Note: The following appears in the SC State gameday football program. To purchase a copy of the program while supplies last, send a check for $6 to Clemson Athletic Communications; P.O. Box 31; Clemson, SC 29633 with your return address.
Since the turn of the century, football has been focused more and more on the offensive side of the ball. No-huddle and hurry-up varieties have led possessions to rise, yards to increase and scoreboards to light up. Today, a 9-6 score between two teams could easily be a first-quarter total with both teams missing extra points.
Teammates from the 1991 ACC champion Tigers, celebrating their 25-year reunion this afternoon, will enjoy reminiscing about the 13th ACC title in Clemson history. There is no question the style of play may have been different in 1991 than it is today, but the results and expectations are still the same at Clemson.
The 1991 team, which posted a 9-2-1 overall record and an ACC mark of 6-0-1, continued the Tiger tradition of outstanding defense. In 1990, Clemson had the best defense in the nation. There was very little decline in 1991.
The 1991 squad only allowed 273.6 yards per game and 15.4 points per contest. The names of some of the defenders, Ed McDaniel, Rob Bodine, Levon Kirkland, Ashley Sheppard, Wayne Simmons and Brentson Buckner, are still remembered today.
Buckner, a sophomore defensive tackle on the 1991 squad and now in his fourth season as defensive line coach for the Arizona Cardinals after a 12-year NFL career, has seen the game tilt towards the offense in recent years. But Buckner still stays true to his belief that defense is the key to competing for championships.
“If you limit big plays and keep the scoring total down, you are going to win most of the time,” said Buckner. “Fans today want to talk about points and scoring, but a good defense is key to winning on a consistent basis.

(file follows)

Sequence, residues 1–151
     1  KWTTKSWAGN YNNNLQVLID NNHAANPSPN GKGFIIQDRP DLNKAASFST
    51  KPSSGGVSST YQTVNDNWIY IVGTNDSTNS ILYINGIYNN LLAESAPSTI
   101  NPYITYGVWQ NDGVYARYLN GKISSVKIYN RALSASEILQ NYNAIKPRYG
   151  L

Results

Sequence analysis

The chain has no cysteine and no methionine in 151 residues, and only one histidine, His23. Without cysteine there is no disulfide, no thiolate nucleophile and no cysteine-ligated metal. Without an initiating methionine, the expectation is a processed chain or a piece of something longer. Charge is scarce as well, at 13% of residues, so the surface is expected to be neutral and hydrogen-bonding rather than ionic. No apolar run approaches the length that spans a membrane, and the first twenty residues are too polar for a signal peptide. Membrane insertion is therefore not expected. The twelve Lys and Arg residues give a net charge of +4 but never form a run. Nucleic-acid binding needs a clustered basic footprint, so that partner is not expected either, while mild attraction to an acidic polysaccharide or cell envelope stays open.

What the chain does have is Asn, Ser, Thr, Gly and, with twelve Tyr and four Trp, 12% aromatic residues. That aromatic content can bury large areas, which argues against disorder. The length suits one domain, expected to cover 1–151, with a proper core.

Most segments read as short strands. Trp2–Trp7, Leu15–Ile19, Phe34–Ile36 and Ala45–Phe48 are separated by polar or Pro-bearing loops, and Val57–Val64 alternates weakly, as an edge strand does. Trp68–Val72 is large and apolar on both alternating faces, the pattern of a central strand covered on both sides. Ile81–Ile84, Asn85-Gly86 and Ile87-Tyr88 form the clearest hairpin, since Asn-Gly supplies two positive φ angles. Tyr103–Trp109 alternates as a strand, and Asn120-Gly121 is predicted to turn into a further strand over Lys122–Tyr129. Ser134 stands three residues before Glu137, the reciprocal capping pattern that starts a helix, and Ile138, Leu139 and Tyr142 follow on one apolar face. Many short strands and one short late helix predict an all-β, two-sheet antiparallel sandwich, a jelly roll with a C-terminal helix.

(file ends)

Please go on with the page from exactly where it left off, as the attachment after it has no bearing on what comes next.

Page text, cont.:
“When I was playing, first at Clemson and then in the NFL, defense was what teams hung their hats on. I would love to see some low-scoring games, but most fans would be bored with that result.”
When looking back on that 1991 campaign, one the most memorable contests was just what Buckner alluded to, a 9-7 outcome. Georgia Tech, which shared a split national title with Colorado in 1990, came to Clemson on September 28. In 1990, the Yellow Jackets won 21-19 in a contest that ended on a missed 57-yard field-goal attempt by Chris Gardocki.
Clemson was determined to return the favor in 1991, and it did. A late Ronald Williams touchdown gave Clemson a 9-7 lead with just minutes remaining. Georgia Tech managed to drive into field-goal range, but a Scott Sisson boot sailed wide right to give Clemson its 11th consecutive home ACC victory.
“We felt like we owed Georgia Tech one,” admitted Buckner.
The Columbus, Ga., native recalled the sour taste the 1990 contest had left.
“In Atlanta, we moved the ball up and down the field but could not get in the endzone,” remembered Buckner.
It is still one of just two games in history the Tigers rushed for 300+ yards, yet lost.
“I think if Chris Gardocki had not gotten his foot a little under the ball, people would still be talking about that kick.”
Buckner’s current role as a defensive line coach for the Cardinals allows him to return to Clemson when Tiger players are preparing for the draft. This past June, he also brought his son, Brandon, and worked a session of the Dabo Swinney Football Camp. A trip back to Clemson is always enjoyable one for the personable Buckner. The success the Tigers are now enjoying makes it that much sweeter when he is in Clemson or Arizona.
“Dabo and his entire staff deserve so much credit,” said Buckner. “I see it each year when preparing for the draft. Clemson is preparing players for the next level. Any time you turn on the TV or radio, people are talking about Clemson. With the way they are winning games and recruiting, it is going to continue.
“When I was in Clemson this summer, I was joking with coach Swinney and coach Woody McCorvey. I told them after the new football operations building is complete, the only thing left will be to add seats above the Hill.
“I can’t wait to see what is next!”
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